Sunday, October 2, 2011

Fathers and Sons

Fathers and Sons, by Ivan Turgenev, may be the first modern Russian novel (the other contender being Gogol's Dead Souls, also on my list for 2011). Published in 1862, Turgenev's work focuses on the conflict between the liberalism of the 1830s/1840s and the nihilism of the next generation. In Russian, the title is Fathers and Children, but was translated as Fathers and Sons because the translators thought it sounded more lyrical and titular.

     The book follows two young men and their fathers, contrasting the ideals of the younger generation with those of their elders, but also contrasting one father/son relationship with the other. Intergenerational conflict was nothing new even then, as the two aging fathers drily observe that they once rolled their eyes at their own parents' backward ideas as well. However, the marked contrast between the attitudes of the two young men demonstrates that one doesn't have to reject relationships with friends and family who hold different philosophical ideals than one does. Bazarov drives his family and friends away because he finds their liberal bourgeois ideas inferior to nihilism. Arkady, on the other hand, treats his father and uncle with respect and affection, enjoying their companionship despite their philosophical differences. In the end, Arkady embraces life while Bazarov indifferently wastes away, although, because it wasn't clear to me to what extent Arkady modified his nihilistic beliefs, I can't say how much of his eventual fulfillment was due to his relationships and how much was due to his (possible) rejection of nihilism.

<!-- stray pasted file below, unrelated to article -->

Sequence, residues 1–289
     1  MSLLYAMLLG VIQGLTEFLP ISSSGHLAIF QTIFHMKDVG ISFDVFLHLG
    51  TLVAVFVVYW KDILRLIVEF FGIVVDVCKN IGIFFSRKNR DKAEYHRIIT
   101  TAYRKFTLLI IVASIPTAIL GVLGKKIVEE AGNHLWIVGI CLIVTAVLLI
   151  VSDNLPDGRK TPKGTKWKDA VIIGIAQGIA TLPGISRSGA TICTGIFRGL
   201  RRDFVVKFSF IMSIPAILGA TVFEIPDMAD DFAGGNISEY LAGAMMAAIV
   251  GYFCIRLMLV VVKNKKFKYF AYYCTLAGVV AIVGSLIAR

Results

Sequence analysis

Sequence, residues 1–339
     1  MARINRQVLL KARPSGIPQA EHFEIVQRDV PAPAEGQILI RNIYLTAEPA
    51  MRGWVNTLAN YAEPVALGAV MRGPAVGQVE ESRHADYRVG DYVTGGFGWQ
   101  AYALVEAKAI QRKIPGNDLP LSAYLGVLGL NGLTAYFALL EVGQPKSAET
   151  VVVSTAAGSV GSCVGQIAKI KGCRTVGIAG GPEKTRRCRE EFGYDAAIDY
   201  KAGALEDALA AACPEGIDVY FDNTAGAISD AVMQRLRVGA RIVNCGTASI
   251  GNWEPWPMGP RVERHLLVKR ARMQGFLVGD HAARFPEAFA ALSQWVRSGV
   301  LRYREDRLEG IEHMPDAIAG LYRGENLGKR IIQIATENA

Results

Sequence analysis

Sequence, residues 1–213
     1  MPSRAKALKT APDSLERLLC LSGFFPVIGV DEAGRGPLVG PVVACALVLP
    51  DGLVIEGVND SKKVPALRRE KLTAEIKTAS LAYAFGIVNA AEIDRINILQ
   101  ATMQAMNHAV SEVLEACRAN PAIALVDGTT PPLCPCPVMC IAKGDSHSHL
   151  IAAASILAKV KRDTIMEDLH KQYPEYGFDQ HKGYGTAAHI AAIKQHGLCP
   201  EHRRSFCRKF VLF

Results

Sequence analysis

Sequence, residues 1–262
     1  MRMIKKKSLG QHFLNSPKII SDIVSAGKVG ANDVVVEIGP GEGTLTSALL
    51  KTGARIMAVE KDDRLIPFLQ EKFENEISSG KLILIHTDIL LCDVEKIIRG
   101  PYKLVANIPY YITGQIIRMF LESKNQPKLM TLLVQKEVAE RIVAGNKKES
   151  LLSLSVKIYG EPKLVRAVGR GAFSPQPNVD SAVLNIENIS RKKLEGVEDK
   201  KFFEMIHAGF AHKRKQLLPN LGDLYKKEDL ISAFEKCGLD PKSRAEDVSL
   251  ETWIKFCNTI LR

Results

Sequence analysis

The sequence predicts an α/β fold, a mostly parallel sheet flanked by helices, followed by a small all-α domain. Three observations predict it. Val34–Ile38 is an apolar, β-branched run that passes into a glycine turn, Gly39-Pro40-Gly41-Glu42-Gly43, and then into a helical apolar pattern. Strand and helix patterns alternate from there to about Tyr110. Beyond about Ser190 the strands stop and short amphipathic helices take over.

Turgenev definitely has a different style of writing than either Dostoevsky or Solzhenitsyn, the other two Russians I have read this year.  Dostoevsky was a Slavophile and Turgenev was a Westernizer, so the two disagreed through most of their lifetimes but eventually reached reconciliation after Dostoevsky's Pushkin speech. Dosteovsky's style is much more psychological, while Turgenev is more socially oriented.

     More fun facts: Turgenev and Tolstoy were close friends, and Turgenev also influenced writers of the next generation such as Henry James and Joseph Conrad. He is ranked among the top nineteenth century Russian prose writers, along with Tolstoy, Gogol, Chekov and Dostoevsky. Fathers and Sons was an interesting book, touching on important themes such as transgression and redemption through love. Although Turgenev was a Westernizer, advocating social reform, the abolition of serfdom and the integration of Enlightenment ideals into Russian culture, in this work he appears nearly Slavophilic in his portrayal of Arkady's fulfillment through returning to his father's way of life. I say nearly Slavophilic because he doesn't depict religion as an important element at all, whereas for Slavophiles it is a central part of the equation.

Just because you're a nihilist, doesn't mean you have to be a jerk: Arkady
Or wait, maybe it does: Bazarov
Uncle, your cravat is stylish but your ideals are not: Pavel
Dad, seriously, you're embarrassing me in front of my friends: Nikolai
Eventually overcame class differences: Nikolai and Fenichka
Kind old fossils who deserved a better son: Vasily Bazarov and Arina Bazarova
Who invited him? Sitnikov
There was a lot of: discussing, disagreeing, traveling, condescending
This book makes you want to: take time to discuss things with friends. These guys were quite productive in their philosophical explorations. It probably helped that they didn't have cell phones, tvs or the internet to distract them.
This book makes you glad you don't have to: Stringently live according to your class' particular responsibility, travel long distances on a dirt road in a wagon with no shocks.

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